Broward Health North
MRI Safety

MRI Safety

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Gadopentetate Dimeglumine Solution for injection

What is this medicine?

GADOPENTETATE DIMEGLUMINE (gad o PEN te tate) is a contrast agent. It is used to diagnose abnormalities during an MRI.

This medicine may be used for other purposes; ask your health care provider or pharmacist if you have questions.

What should I tell my health care provider before I take this medicine?

They need to know if you have any of these conditions:

  • asthma

  • kidney disease

  • seizures

  • an unusual or allergic reaction to gadopentetate, contrast agents, other medicines, foods, dyes, or preservatives

  • pregnant or trying to get pregnant

  • breast-feeding

How should I use this medicine?

This medicine is for injection into a vein. It is given by a health care professional in a hospital or clinic setting.

Talk to your pediatrician regarding the use of this medicine in children. While this drug may be prescribed for children as young as 2 years of age for selected conditions, precautions do apply.

Overdosage: If you think you have taken too much of this medicine contact a poison control center or emergency room at once.

NOTE: This medicine is only for you. Do not share this medicine with others.

What if I miss a dose?

This does not apply.

What may interact with this medicine?

Interactions are not expected.

This list may not describe all possible interactions. Give your health care provider a list of all the medicines, herbs, non-prescription drugs, or dietary supplements you use. Also tell them if you smoke, drink alcohol, or use illegal drugs. Some items may interact with your medicine.

What should I watch for while using this medicine?

Your condition will be monitored carefully while you are receiving this medicine.

You may get drowsy or dizzy. Do not drive, use machinery, or do anything that needs mental alertness until you know how this medicine affects you. Do not stand or sit up quickly, especially if you are an older patient. This reduces the risk of dizzy or fainting spells.

What side effects may I notice from receiving this medicine?

Side effects that you should report to your doctor or health care professional as soon as possible:

  • allergic reactions like skin rash, itching or hives, swelling of the face, lips, or tongue

  • breathing problems

  • burning, pain, redness at site where injected

  • changes in hearing

  • changes in vision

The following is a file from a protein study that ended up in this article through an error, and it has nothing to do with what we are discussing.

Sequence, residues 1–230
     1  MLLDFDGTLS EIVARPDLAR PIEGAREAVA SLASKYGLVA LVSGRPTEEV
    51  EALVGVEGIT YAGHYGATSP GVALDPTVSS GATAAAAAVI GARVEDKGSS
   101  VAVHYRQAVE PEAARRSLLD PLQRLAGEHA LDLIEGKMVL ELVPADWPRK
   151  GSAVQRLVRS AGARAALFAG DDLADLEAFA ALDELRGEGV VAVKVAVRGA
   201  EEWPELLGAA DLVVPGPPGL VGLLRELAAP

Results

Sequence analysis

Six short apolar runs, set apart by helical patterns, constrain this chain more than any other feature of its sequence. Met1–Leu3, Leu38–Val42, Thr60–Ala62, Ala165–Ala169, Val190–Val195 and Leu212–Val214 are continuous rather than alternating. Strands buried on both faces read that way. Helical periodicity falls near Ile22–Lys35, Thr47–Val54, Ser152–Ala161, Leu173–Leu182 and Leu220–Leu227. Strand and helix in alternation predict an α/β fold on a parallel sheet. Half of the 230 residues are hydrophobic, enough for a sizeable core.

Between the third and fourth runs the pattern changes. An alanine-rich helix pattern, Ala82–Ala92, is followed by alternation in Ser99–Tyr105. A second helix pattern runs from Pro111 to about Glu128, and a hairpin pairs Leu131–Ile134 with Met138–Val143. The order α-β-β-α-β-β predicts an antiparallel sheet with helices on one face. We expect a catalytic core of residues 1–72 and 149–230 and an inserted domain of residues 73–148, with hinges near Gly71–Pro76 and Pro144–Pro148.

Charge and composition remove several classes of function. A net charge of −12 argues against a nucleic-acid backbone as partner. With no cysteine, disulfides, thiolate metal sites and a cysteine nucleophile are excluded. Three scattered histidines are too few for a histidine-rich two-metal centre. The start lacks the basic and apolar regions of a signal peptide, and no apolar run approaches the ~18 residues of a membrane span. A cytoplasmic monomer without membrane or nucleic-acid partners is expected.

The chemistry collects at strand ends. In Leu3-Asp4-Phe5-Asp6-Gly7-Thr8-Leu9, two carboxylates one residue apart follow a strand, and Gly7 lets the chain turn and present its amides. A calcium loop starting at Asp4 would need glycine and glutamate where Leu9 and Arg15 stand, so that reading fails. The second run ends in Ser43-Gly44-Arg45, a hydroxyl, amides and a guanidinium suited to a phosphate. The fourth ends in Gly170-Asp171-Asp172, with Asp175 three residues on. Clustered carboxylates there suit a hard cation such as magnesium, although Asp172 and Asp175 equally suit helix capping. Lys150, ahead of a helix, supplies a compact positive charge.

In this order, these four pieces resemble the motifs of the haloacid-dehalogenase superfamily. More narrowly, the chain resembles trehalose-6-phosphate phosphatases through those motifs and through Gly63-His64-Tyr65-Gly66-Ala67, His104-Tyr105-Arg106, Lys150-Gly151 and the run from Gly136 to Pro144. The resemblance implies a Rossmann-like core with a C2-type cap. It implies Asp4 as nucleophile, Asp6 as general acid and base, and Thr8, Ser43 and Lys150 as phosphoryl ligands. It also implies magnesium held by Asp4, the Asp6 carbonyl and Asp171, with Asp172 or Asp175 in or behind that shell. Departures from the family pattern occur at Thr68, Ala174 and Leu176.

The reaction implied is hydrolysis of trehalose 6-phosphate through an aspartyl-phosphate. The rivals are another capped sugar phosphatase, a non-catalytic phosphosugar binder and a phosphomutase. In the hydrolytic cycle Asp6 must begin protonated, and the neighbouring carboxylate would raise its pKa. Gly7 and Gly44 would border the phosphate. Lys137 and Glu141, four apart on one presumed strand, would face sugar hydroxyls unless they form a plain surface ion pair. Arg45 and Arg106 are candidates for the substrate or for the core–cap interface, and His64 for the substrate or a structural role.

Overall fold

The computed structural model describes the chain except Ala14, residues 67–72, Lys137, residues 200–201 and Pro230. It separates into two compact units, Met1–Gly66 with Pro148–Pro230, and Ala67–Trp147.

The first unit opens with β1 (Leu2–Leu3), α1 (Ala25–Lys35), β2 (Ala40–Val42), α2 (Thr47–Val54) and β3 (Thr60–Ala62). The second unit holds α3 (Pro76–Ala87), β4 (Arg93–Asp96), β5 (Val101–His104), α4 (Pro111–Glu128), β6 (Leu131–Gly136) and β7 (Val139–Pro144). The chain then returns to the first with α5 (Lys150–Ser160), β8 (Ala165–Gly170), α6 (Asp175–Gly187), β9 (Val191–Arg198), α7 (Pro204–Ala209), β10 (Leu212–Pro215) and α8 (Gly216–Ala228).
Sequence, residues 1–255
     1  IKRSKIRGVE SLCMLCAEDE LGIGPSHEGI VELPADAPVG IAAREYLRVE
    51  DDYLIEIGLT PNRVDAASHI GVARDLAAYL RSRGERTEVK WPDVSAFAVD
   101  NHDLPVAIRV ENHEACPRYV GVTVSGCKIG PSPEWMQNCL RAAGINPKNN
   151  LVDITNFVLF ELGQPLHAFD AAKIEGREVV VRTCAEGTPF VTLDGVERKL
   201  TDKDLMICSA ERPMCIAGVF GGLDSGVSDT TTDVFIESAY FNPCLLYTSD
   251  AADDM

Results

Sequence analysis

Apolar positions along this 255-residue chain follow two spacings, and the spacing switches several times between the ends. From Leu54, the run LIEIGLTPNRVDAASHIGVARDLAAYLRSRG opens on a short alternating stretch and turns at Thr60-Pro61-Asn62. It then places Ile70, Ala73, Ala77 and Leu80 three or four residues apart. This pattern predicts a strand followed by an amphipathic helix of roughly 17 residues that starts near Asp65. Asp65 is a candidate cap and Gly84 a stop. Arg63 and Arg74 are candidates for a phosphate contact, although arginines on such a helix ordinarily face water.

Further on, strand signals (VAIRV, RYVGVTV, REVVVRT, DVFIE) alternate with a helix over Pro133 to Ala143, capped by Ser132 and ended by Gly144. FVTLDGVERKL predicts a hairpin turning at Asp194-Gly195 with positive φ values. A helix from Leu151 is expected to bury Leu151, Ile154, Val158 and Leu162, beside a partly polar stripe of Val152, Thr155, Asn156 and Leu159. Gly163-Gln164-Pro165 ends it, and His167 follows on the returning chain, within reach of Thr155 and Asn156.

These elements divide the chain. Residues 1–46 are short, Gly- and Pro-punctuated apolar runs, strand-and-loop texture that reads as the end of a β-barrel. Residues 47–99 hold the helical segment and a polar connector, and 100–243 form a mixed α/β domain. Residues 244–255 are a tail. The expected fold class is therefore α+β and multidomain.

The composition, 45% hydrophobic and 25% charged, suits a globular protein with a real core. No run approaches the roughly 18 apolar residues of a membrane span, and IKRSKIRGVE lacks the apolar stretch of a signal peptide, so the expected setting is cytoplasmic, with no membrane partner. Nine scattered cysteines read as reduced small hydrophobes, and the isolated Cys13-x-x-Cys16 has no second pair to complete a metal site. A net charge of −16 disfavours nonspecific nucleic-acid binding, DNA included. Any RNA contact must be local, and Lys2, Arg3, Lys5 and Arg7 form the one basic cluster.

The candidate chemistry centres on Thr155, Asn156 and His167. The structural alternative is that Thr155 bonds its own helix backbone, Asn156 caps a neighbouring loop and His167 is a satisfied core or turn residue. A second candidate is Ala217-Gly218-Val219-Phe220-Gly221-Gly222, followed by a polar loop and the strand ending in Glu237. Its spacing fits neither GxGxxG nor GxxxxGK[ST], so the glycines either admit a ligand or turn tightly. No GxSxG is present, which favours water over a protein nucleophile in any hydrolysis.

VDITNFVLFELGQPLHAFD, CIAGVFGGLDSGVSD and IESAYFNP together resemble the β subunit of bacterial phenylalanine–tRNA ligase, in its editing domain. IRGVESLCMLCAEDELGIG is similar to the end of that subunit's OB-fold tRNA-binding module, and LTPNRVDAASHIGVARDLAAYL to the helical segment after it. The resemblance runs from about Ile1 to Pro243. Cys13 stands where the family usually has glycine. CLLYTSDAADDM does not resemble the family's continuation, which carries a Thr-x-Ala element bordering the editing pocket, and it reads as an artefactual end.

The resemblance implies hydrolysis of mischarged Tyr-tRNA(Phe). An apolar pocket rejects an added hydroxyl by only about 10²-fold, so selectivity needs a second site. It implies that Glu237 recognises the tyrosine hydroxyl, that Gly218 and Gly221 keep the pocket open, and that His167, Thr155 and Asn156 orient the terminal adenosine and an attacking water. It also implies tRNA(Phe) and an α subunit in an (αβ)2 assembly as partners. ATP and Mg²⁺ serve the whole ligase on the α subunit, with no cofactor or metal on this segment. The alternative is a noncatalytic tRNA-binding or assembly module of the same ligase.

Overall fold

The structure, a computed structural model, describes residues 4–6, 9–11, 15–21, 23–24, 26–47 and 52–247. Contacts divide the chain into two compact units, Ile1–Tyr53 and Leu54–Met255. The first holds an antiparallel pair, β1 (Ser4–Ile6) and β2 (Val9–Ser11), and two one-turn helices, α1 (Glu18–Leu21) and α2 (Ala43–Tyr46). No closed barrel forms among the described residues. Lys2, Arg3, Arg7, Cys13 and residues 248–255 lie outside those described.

• chest pain

  • feeling faint or lightheaded, falls

  • pain, swelling, warmth in the leg

  • problems with balance, talking, walking

  • seizures

  • signs and symptoms of kidney injury like trouble passing urine or change in the amount of urine

Side effects that usually do not require medical attention (report to your doctor or health care professional if they continue or are bothersome):

  • diarrhea

  • feeling of cold or heat at site where injected

  • flushing

  • headache

  • loss of appetite

  • nausea

  • unusual taste in the mouth

This list may not describe all possible side effects. Call your doctor for medical advice about side effects. You may report side effects to FDA at 1-800-FDA-1088.

Where should I keep my medicine?

This drug is given in a hospital or clinic and will not be stored at home.

For Your Personal Safety

If you are having an MRI examination, please inform your doctor or the technologist if you have:

  • cardiac pacemaker
  • an artificial heart valve
  • metal plate, pin or other metallic implant
  • intrauterine device, such as Copper-7 IUD
  • aneurysm clips
  • previous gunshot wound
  • ever been a metal worker
  • permanent (tattoo) eye-liner

Any metallic substance on your person can affect the quality of the diagnostic images.  It can also cause discomfort or injury to you when placed in the magnetic field, and may exclude you from the exam.

Be sure to tell us if you're pregnant!

Help Us Get a Good Picture of You

Metallic objects often give a bright or blank spot in the picture.  To help your doctor make the best diagnosis, you will be asked to remove your make-up, eyeglasses, jewelry, dentures, hearing aids and any other metallic objects you are carrying.

You may also want to avoid drinking coffee or other caffeinated beverages prior to scanning so you are able to lie quietly for several minutes at a time.